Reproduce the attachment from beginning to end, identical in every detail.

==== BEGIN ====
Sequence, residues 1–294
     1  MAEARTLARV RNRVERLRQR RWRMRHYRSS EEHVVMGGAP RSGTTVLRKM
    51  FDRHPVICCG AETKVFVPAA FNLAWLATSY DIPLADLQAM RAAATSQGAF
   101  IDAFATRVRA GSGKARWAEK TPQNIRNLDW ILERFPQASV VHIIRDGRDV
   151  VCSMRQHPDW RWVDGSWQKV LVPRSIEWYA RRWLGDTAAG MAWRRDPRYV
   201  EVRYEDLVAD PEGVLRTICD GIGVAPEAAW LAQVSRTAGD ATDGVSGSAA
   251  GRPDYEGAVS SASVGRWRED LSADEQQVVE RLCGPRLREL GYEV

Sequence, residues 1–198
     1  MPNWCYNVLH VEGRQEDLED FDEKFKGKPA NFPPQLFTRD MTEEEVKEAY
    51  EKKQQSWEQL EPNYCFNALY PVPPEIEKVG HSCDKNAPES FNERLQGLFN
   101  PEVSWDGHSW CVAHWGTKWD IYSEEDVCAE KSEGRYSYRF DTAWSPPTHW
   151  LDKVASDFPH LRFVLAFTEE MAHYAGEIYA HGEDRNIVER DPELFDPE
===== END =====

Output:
Sequence, residues 1–294
     1  MAEARTLARV RNRVERLRQR RWRMRHYRSS EEHVVMGGAP RSGTTVLRKM
    51  FDRHPVICCG AETKVFVPAA FNLAWLATSY DIPLADLQAM RAAATSQGAF
   101  IDAFATRVRA GSGKARWAEK TPQNIRNLDW ILERFPQASV VHIIRDGRDV
   151  VCSMRQHPDW RWVDGSWQKV LVPRSIEWYA RRWLGDTAAG MAWRRDPRYV
   201  EVRYEDLVAD PEGVLRTICD GIGVAPEAAW LAQVSRTAGD ATDGVSGSAA
   251  GRPDYEGAVS SASVGRWRED LSADEQQVVE RLCGPRLREL GYEV

Sequence, residues 1–198
     1  MPNWCYNVLH VEGRQEDLED FDEKFKGKPA NFPPQLFTRD MTEEEVKEAY
    51  EKKQQSWEQL EPNYCFNALY PVPPEIEKVG HSCDKNAPES FNERLQGLFN
   101  PEVSWDGHSW CVAHWGTKWD IYSEEDVCAE KSEGRYSYRF DTAWSPPTHW
   151  LDKVASDFPH LRFVLAFTEE MAHYAGEIYA HGEDRNIVER DPELFDPE